Diverticulitis changes eating habits for Philadelphia jazz musician

When Action News spoke with Jeff Bradshaw, he was enjoying a green smoothie at Green Soul Cafe in Chestnut Hill.

Eating healthy has become a new habit for the North Philadelphia jazz trombonist after years of poor eating caught up to him.

Bradshaw has been playing the trombone, touring with A-list artists for more than two decades.

But all that traveling led to an unhealthy diet.

"No fiber, just sandwiches, subs, tons of fried food, no matter where it was," Bradshaw said.

As for vegetables - "No, I wasn't interested."

This past October, while rehearsing, Bradshaw felt a sharp pain in left lower abdomen.

He spent weeks in the hospital, losing 52 pounds.

He was diagnosed with diverticulitis.

Dr. John Marks, a colon and rectal surgeon at Lankenau Medical Center, sees it and treats it often.

In the lower portion of the intestines, small pockets can form. This is fairly common.

But if the pockets become inflamed, it's called diverticulitis.

"The bacteria grow and it causes an inflammation of that whole area," Dr. Marks said.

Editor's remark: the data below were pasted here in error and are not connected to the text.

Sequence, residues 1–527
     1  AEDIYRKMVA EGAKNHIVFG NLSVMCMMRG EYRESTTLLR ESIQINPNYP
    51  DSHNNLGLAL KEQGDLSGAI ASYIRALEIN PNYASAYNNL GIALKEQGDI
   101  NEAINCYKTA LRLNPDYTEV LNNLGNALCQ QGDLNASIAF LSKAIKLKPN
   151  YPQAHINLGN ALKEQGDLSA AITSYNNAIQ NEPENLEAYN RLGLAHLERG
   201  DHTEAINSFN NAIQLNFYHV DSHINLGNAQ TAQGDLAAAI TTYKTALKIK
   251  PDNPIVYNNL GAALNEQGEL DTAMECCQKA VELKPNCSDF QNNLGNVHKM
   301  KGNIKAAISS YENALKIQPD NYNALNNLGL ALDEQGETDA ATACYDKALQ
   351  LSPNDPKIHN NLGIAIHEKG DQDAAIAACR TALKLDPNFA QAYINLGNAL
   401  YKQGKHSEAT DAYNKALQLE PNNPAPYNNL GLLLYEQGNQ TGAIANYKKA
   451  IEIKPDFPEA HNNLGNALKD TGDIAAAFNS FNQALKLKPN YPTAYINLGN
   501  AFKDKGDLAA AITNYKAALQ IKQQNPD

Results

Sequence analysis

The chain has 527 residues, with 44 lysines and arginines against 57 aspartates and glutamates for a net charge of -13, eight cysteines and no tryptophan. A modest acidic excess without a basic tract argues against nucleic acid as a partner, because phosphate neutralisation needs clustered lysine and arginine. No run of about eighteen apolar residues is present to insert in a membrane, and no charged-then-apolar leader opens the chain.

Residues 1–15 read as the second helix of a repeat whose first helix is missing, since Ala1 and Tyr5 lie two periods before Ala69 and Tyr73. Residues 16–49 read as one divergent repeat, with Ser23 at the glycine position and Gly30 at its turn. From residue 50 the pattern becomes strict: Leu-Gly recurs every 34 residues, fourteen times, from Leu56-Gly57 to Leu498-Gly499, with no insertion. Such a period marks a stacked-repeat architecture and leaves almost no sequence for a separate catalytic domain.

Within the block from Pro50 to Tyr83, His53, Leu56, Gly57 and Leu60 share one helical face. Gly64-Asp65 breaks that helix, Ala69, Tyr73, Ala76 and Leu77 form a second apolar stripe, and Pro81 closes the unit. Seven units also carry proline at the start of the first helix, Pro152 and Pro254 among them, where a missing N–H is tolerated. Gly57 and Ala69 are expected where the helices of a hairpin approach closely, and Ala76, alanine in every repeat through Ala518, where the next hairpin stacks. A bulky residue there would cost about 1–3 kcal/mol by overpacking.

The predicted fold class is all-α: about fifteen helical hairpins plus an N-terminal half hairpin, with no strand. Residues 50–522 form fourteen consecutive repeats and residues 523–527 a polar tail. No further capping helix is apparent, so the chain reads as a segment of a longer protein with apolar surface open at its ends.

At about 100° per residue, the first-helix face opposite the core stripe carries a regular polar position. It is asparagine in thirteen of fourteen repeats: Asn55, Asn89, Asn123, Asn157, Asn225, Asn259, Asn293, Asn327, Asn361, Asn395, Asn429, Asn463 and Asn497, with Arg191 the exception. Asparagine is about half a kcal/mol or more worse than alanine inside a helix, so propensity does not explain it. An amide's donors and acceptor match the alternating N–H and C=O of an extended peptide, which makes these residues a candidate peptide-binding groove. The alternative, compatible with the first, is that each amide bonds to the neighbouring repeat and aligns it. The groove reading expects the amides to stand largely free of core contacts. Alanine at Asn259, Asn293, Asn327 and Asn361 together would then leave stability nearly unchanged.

He says treatment ranges from diet changes and antibiotics to major surgery.

One way to reduce the risk is by eating a high fiber diet.

"Whole wheat bread, vegetables, fruits, they're the things that help propel things through the intestine easier," Dr. Marks said.

It's a message Bradshaw has taken to heart himself and now preaches to others.

"Run away from processed foods. It has to be a plant-based diet, it has to be a diet full of fiber," Bradshaw said.

Dr. Marks says don't delay.

If you have abdominal pain, get it checked out.

Bradshaw is not out of the woods yet. He'll find out in a few weeks if he needs surgery.

His fellow musicians have set up a GoFundMe page for him.

For more information on diverticulitis, click here.
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